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Tag Archive 'baggage'

Apr 26 2011

How to Read Someone’s Intentions Like a Pro.

In almost every counseling and coaching session I end up teaching this particular tool, so I’ve decided to write down the mini-lecture. It’s the sort of thing that took me years to finally learn and appreciate. So rather than repeat it as many times as I needed it repeated to me, I’m going to write it out. Please read and re-read. Please pass it along. As far as I’m concerned, it’s gold.

“The dangerous man is the one who has only one idea, because then he’ll fight and die for it. The way real science goes is that you come up with lots of ideas, and most of them will be wrong.”  Francis Crick.

If you’ve settled into a relationship, really settled, you know your partner’s quirks and you know how your partner is unique and different from you. But if you haven’t settled in, sooner or later you are going to be challenged by something your partner does that doesn’t make sense to you and which, often, you won’t like.

It’s important to remember this: You don’t know this person intimately. Not yet. The only people you know intimately are people you’ve had previous enduring relationships with, and maybe not even them. You are still learning.

What mental habits do you need in order to help you understand this new person’s intentions?

Here’s the golden rule: Always have three guesses about what’s really going on. And then watch how things unfold to see which of your guesses is best.    Send article as PDF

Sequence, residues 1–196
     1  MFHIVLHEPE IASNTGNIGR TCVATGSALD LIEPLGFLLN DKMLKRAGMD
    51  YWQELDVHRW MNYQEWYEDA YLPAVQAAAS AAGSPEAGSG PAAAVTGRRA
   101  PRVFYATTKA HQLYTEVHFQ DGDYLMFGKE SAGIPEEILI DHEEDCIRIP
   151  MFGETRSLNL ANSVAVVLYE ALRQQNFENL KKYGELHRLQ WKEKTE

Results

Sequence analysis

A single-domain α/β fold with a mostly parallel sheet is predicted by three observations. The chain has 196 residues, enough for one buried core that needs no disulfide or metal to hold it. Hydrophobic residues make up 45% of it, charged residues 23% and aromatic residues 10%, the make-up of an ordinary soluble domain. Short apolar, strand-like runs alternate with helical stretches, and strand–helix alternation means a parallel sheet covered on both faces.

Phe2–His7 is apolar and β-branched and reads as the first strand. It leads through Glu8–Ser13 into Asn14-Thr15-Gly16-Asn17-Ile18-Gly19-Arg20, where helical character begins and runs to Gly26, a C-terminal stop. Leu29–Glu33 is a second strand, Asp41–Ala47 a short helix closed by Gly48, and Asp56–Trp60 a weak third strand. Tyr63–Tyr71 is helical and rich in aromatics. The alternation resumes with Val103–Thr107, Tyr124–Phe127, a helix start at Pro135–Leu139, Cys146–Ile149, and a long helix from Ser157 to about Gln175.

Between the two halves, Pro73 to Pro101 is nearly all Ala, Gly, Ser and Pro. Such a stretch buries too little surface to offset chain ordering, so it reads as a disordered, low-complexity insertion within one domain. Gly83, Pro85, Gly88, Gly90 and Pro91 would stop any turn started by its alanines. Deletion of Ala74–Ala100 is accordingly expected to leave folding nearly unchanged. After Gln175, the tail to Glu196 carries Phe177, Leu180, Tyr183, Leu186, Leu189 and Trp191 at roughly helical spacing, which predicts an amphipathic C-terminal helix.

4 responses so far

Oct 02 2010

Hatred, Emotional Baggage, the Book of Jonah, and the Lessons of Yom Kippur in Dealing with an Ex.

Sometimes intimate relationships fail because the partners grow to hate each other’s company. “Hate.”  It’s a strong word.

Hatred is wild and strange.  I’ve counseled people who are dealing with an ex who is intoxicated by hatred.  Such people are willing to use children, the legal system, and vandalism to make a former partner’s life miserable. They do it in a gleeful frenzy. They are scary because they feed off their hatred and there’s no stopping them except by going to war against them and defeating them thoroughly.  Most of us don’t like going to war.

For most of us hatred is  uncomfortable.  For most of us, when we are angry we are angry about a principle, a value, something that seems bigger than the issue at hand.  But when anger shifts to hatred it’s because we’ve made the issue personal. Often people who like to hate are also proud of the fact that their values are so personally held.

Because hatred is a personal matter and because the pain associated with it is often so close to the surface, most folks shift from hatred to disgust.  Disgust is the way we put distance between our self and the thing we hate.  In disgust we don’t have to resolve the hatred. We can simply go past it and seek the more comfortable state of denial.  We resolve to simply never see, speak or think about the person we “used to” hate.  We do this for our protection, and sometimes for their protection. We cut them off.    Send article as PDF